I have a list of 34 pieces of content to start with, but my current queue of tutorials includes 11 more ideas in the works. There are plenty more ideas in my head, though, so I’m going to set a goal of 60 by the end of June.

As a big fan of graphics, UI work and Blend, I will likely be focusing there.  Certainly one of the most requested topics lately is skinning controls and application themes.

What do you want to learn about?

Flash to Silverlight Guide – Graphics, Images and Display List

January 15, 2010 3 comments

movieclip guy in action

The second edition of the Flash to Silverlight Guide has been posted!

This edition includes new sections on Graphics and Images and Displaying Objects, as well as a bit of a facelift to the site.

Some of the previous feedback included:

“I wish I would have this when I first started on Silverlight”

– Perfect, we’re hoping to help people just getting started.

“There’s a lot of information on the pages, but its pretty dry.”

– Totally agreed.  So along with other graphics and code samples, I spent some time putting together scenes of the new “movieclip guy” acting out the different properties. Not only does this decrease the dryness and encyclopedia-ish nature of the guide, the icons can also act as quick visual hints.

One of my favorite parts about the artwork is that it comes from a group of assets for a new site that is in the works. Unfortunately I can’t share anything about the site just yet, but I did get the ok to preview the graphics. And the site is going to rock.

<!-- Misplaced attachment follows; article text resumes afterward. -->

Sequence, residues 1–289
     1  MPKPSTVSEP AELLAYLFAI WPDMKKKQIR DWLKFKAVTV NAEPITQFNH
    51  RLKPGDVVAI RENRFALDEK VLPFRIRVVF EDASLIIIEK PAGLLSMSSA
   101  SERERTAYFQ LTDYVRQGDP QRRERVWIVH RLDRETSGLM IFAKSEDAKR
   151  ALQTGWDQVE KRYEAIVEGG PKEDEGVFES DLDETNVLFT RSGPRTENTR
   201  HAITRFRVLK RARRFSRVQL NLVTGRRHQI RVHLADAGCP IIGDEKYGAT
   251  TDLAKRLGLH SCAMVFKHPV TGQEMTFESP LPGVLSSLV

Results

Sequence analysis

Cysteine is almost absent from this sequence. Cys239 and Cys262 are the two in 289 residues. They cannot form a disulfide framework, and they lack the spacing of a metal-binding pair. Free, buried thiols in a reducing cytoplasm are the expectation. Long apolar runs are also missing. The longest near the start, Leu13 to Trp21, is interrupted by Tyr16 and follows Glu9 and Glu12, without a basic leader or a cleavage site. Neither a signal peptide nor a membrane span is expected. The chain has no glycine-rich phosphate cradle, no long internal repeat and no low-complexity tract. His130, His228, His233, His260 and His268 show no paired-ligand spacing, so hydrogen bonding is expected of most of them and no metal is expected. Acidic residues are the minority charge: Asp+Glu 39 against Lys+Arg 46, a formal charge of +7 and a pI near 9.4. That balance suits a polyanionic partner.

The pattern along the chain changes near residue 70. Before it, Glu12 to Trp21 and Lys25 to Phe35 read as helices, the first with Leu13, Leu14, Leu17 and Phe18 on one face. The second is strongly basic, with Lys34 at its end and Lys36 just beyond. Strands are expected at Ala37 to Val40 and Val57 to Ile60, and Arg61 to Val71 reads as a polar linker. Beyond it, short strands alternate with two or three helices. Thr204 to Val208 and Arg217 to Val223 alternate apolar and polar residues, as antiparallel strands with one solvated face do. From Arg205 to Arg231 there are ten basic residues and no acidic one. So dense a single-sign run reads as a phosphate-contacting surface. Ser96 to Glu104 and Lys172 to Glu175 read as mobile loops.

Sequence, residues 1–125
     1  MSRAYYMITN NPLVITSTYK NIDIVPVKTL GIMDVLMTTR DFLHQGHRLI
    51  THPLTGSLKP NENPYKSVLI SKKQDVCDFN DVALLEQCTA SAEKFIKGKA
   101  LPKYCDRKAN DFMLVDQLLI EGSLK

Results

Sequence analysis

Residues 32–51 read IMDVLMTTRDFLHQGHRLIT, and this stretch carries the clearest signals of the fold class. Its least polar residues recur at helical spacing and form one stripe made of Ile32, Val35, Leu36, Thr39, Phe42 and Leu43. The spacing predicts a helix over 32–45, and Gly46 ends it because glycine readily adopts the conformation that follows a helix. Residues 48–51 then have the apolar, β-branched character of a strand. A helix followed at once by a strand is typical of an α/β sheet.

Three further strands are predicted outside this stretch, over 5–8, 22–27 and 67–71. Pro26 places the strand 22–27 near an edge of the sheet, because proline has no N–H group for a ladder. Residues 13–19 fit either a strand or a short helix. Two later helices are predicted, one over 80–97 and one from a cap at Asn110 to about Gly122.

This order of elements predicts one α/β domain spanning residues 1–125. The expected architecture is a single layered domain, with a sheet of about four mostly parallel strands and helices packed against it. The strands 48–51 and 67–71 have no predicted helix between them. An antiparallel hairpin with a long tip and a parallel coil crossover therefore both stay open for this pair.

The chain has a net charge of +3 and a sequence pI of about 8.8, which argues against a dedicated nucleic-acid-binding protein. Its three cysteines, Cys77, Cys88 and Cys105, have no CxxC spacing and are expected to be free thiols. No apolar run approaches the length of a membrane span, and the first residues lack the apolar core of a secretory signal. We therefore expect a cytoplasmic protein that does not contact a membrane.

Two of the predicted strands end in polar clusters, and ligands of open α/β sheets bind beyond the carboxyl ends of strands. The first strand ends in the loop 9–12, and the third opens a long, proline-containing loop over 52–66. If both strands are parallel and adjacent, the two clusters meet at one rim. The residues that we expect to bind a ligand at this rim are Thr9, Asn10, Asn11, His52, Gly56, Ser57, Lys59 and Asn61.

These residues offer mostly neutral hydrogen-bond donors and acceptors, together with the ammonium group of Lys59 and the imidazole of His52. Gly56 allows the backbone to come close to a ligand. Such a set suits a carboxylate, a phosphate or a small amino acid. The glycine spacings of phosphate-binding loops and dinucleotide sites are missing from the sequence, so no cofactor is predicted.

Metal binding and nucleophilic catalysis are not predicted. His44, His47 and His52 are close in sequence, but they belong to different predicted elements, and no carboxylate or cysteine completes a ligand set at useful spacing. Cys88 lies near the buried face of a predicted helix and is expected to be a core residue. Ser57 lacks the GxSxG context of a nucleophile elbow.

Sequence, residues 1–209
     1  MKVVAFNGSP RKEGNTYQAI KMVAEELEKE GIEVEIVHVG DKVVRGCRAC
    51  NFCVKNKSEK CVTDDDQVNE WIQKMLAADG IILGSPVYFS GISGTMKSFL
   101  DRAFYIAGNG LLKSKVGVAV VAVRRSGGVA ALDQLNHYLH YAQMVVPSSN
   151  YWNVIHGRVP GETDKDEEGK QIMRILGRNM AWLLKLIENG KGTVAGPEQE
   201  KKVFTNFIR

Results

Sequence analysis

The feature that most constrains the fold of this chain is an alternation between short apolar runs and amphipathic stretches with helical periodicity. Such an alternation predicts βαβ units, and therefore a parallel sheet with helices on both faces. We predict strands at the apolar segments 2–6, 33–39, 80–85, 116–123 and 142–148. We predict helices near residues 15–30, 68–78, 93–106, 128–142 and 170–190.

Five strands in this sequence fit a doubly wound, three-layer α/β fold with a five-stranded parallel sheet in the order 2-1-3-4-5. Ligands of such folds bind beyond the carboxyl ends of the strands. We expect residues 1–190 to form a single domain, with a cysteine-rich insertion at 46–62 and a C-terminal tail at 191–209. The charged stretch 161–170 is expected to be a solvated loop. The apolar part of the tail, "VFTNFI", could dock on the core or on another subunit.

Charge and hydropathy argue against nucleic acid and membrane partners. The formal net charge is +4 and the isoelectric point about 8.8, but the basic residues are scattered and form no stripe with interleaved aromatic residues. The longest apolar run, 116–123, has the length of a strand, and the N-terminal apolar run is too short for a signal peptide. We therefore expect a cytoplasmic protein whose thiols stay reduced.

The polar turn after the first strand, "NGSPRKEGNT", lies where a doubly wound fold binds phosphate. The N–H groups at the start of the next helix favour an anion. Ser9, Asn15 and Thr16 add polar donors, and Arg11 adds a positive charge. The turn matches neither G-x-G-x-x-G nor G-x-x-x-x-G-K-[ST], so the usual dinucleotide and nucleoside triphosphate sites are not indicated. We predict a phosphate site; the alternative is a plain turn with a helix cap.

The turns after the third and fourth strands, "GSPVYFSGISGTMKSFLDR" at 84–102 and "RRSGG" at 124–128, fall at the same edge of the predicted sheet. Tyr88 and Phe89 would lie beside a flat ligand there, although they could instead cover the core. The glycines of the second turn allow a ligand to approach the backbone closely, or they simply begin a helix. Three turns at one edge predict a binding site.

Anyways, enough about the graphics, enjoy the Guide.  Next on the list are the Animation, Code techniques and Out of Browser sections.

Converting Hexadecimals to Colors in code for Silverlight

January 14, 2010 10 comments

Coming from other platforms like HTML, CSS, JavaScript and Flash you will be used to defining colors with hexadecimal values.  Silverlight does support the use of hexadecimal values in XAML, in fact it supports 4 different formats (rgb, argb, rrggbb and aarrggbb). These values are then converted using a special type converter during the parsing of the XAML file.  A string value of #000 is converted into a Color structure that will render black as expected.

Unfortunately this type conversion is not readily accessible when working in code.  In code there are two options built-in, the FromArgb method and system-defined colors.

//using the FromArgb method 
ellipse.Fill = new SolidColorBrush (Color.FromArgb(255, 29, 177, 0));

//using a system-defined color 
ellipse.Fill = new SolidColorBrush (Colors.Green);